In February 2020 I was knocking on doors for Bernie and the last large public gathering I attended was the Bernie/Public Enemy rally on March 2nd. Alas, that brighter future that seemed possible was not to be, but I kept phone banking until the bitter end of the campaign. The triumph of business-as-usual combined with the untimely death of Michael Brooks were a source of considerable melancholy in the last half of 2020.

In mid-March the church secretary and I, on very short notice, helped put the Episcopal Cathedral’s services online when we could no longer meet in person.

In late spring through the summer of 2020 the one thing keeping me sane and occupied was rehabbing Kelly’s office shed. I redid the floor and ceiling and built a desk, bookcase and cabinets. Once we found out that Kelly had to go in for another round of risky open heart surgery, the remodeled shed gave her something to look forward to and something for me to work on.

While I was working on the shed, Slavoj Žižek’s managed to put out two books on the Pandemic that I read and enjoyed over the summer. Two observations from these  books stick with me. First, that we should remember that there are places in the world (such as Syria and Yemen) where things are so bad that COVID-19 is just a minor annoyance. Another point is that we need international solidarity, cooperation and mobilization to face crises like pandemics and climate change.

A lack of solidarity triggers, in me, moments of old testament prophet rage and foot stomping around the house. As Adam Curtis put it, we’re all just squealing individualist little piggies and that individualism isn’t working out well. I’ve lost the big-tent-homesteading ethos that led me to tolerate those who still cling to me-first ideology such as preppers, social media CEOs, corporate politicians of both parties, COVID denying wellness influencers and the local evangelical mega-church that decided to keep meeting during the worst of the pandemic.

At the same time I recognize that I was raised in the same culture and am susceptible to the same narcissism. I’m a squealing piggy with a blog after all. But let’s remember that this crisis has fallen disproportionately on poor and vulnerable people. We can’t forget the structures that perpetuated inequality and worsened the pandemic. Over 500,000 people needlessly went to an early grave in the U.S. and many of the people that cared for them are scarred for life while I sat comfortably at home.

I’ve also thought a lot about what works and what doesn’t during a crisis. A Buddhist friend taught me to observe my thoughts and emotions and that trick has been extraordinarily useful. Most of the time I noticed low level anxiety and fatigue caused by the constant risk management we all had to do. Sometimes I had COVID dreams and outburst of hypochondria. Observing these feelings helped to not get attached to them and kept them from spiraling out of control. I also came to the conclusion that it’s perfectly okay not to be productive all the time and recognize that the muses can be fickle in a crisis. Looking back I actually did a lot of construction work and beekeeping just not writing and podcasting.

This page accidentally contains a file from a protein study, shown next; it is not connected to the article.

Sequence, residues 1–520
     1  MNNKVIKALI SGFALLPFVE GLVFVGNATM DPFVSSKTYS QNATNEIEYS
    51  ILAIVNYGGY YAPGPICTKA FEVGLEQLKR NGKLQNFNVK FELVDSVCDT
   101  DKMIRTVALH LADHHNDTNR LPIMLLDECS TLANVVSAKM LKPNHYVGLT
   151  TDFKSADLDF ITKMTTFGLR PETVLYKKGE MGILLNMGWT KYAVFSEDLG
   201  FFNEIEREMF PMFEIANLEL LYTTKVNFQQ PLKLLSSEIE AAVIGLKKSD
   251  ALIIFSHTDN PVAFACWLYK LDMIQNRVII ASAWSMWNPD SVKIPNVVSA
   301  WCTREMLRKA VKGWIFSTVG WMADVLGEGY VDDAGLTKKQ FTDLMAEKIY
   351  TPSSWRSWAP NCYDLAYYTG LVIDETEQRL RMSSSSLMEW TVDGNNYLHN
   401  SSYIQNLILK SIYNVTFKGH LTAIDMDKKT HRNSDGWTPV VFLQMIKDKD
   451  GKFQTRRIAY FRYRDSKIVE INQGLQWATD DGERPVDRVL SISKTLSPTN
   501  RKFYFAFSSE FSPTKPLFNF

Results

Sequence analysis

I’m incredibly grateful to be financially secure, to have a roof over my head and to be fully vaccinated. Unfortunately, I’ve also eaten a lot of junk food and haven’t exercised like I used to. I took my first trip to the market in almost a year yesterday and am feeling optimistic and less anxious. But like Žižek, I hope that we don’t go back to the old normal but work towards a better, new normal.

What was the last year like for you?

I Can’t Get Adam Curtis Out of My Head

Could it be that this entire multi-thousand post blog, with all those canning, bread making, gardening, squirrel complaining ramblings are just an excuse for those few times I get to implore readers to watch the latest Adam Curtis documentary?

Methinks yes and so I must note that a new Curtis just dropped on the BBC yesterday. “Can’t Get You Out of My Head” is Curtis at his most sprawling and complex. We watched the first episode last night which covers, among other topics, British colonialism in Kenya, the Discoridian connection to the Kennedy assassination, anti-immigrant movements, artificial intelligence, a messy celebrity divorce and . . . the Bavarian Illuminati.

I can think of only a handful of other thoughtstylists who have helped guide me through these confusing times (Mark Fisher, Cornel West and Slavoj Žižek come to mind). More than any other period in my 55 years, at this particular point I think it’s important to look at the ideologies that change the way we perceive things. Curtis is a master at revealing what’s hidden in plain sight.

Perhaps the hidden message of all the posts on this blog is summed up in a quote from the late David Graeber that Curtis uses at the beginning of episode 1, “The ultimate hidden truth of the world is that it is something we make. And could just as easily make differently.”

Can’t Get You Out of My Head is streaming for free on the BBC. To watch it you’ll need to live in the U.K. or use a VPN to get around the regional blocking. You can also search on YouTube. Curtisheads post episodes which appear for awhile before the BBC takes them down. Just Google and you’ll find it. Here’s the last: Hypernormalization.